After writing my previous message about JA’s last poem, the words “Oh Venta depraved” stuck in my mind, and I felt oddly compelled to revisit the entire poem, forgetting for the moment that it was JA who wrote it, and just trying to get a better sense of the metaphors deployed in the poem.
Those words stuck in my mind, I think, because “Depraved” is a pretty strong word for horse racing. And somehow my Jane Austen was not someone who would use such a strong word to describe low level vices like horse racing and the garish display of wealth and finery. She would, like Lizzy Bennet, laugh at such silliness, and skewer it satirically—no question!—but she would save her serious condemnations for serious crimes.
Then I thought about the upping of the ante of the hyperbolic rhetoric with “By vice you’re enslaved, You have sinned and must suffer”—this is nothing other than the meat and potatoes of an over the top fire-breathing sermon--- again, not the way I see my Jane Austen.
That’s when I stopped, and thought, not “fire-breathing” but “fire and brimstone” is the proper cliché for such a sermon—and of course, whence does that cliché derive? From the Biblical story of Abraham and Lot, fleeing from Sodom and Gomorrah!
And what were S&G known for? Well, “dissolute measures” is actually a mild description of the way Lot’s neighbors persist in wanting to get better acquainted with Lot’s house guests.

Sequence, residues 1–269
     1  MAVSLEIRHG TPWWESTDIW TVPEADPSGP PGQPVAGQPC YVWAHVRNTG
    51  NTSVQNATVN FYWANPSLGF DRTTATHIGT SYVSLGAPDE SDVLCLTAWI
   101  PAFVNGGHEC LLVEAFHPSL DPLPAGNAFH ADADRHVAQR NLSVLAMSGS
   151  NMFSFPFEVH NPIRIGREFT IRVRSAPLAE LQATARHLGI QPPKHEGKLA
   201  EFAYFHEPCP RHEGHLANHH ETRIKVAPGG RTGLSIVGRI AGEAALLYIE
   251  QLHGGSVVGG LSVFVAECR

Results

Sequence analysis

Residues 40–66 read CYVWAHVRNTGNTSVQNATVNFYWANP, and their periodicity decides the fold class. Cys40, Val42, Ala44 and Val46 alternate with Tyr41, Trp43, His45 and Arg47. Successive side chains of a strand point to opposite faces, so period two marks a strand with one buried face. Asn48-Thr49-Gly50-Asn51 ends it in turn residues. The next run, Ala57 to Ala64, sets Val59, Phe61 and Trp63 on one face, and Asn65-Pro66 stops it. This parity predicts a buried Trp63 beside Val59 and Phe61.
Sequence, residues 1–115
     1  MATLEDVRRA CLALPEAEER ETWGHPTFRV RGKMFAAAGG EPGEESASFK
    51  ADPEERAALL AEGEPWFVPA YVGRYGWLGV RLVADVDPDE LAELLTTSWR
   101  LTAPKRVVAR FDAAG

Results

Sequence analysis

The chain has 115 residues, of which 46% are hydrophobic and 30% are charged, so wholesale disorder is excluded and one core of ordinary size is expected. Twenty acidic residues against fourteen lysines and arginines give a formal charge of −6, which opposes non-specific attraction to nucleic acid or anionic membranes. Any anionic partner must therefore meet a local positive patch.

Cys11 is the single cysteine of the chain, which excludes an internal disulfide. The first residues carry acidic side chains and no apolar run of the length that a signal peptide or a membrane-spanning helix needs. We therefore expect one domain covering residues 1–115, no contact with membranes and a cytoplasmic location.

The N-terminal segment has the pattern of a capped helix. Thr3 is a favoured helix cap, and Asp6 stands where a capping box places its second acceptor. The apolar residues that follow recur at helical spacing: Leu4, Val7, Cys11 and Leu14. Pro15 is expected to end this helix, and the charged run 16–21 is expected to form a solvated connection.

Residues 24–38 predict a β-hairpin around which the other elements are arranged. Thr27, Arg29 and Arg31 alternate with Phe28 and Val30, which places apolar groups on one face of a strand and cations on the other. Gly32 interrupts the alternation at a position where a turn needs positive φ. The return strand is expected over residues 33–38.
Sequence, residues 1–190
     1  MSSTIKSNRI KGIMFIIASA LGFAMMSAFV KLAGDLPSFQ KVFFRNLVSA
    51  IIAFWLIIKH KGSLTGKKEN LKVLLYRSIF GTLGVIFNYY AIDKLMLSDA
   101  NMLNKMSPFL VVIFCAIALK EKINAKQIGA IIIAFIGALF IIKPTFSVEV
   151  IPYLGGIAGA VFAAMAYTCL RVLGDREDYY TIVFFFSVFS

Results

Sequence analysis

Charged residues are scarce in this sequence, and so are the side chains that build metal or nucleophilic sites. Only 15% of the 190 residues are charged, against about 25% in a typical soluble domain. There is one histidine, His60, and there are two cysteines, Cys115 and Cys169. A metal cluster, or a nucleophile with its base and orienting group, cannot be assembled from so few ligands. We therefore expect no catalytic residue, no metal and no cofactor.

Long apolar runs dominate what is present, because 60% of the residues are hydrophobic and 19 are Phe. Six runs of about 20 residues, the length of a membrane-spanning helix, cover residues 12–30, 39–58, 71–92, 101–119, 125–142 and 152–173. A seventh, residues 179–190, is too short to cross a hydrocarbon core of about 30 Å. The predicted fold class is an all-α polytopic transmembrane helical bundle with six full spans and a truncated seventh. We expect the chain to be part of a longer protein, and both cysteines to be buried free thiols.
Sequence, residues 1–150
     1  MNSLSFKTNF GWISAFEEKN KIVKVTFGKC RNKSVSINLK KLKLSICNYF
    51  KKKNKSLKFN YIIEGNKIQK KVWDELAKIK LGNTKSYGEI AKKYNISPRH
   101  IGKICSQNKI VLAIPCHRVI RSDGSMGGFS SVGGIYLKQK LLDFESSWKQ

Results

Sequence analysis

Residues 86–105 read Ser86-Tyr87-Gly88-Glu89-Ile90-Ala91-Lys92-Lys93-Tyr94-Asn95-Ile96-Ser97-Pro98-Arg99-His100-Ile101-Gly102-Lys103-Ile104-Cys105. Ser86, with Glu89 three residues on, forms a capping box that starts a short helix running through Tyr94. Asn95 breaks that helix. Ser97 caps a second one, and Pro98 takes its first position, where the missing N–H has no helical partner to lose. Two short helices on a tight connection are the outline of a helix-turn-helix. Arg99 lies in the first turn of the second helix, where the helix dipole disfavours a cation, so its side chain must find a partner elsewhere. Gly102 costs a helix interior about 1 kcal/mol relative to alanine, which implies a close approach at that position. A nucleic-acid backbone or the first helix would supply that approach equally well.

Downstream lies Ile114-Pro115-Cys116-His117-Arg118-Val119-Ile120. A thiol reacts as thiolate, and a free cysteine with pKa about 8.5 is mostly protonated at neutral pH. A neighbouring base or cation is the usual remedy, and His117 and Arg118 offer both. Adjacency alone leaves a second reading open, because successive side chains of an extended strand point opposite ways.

And where were S&G? Of course, from Abraham and Lot’s perspective (not to forget the over-curious wife of Lot!), after they hightail it out of town, on “a neighboring Plain”—Bingo!
So, we are talking the ultimate fire and brimstone story, satirically transformed through the dying brain of JA into pure gold of the darkest variety! And that means, of course, that the “rain” which St. Swithin threatens Winchester with is not the wet kind that just ruins hats and stoles, it’s the kind that makes global warming seem like an Ice Age, the kind that tends to rather permanently destroy all that it falls on. It’s a really big “Finis”!
And so, if St. Swithin is in any sense a stand-in for JA herself, I’d say that Nokes’s choice of the word “malediction” is actually rather tame—this is a full blown Biblical cataclysm that JA is calling down on those who would seek to mess with her “children”, i.e. her novels—and one that has no expiration date, because she is, as she points out rather melodramatically, “immortal” and “it shall NEVER be dry”!
A Jane Austen Christmas by Rachel Dodge
10 hours ago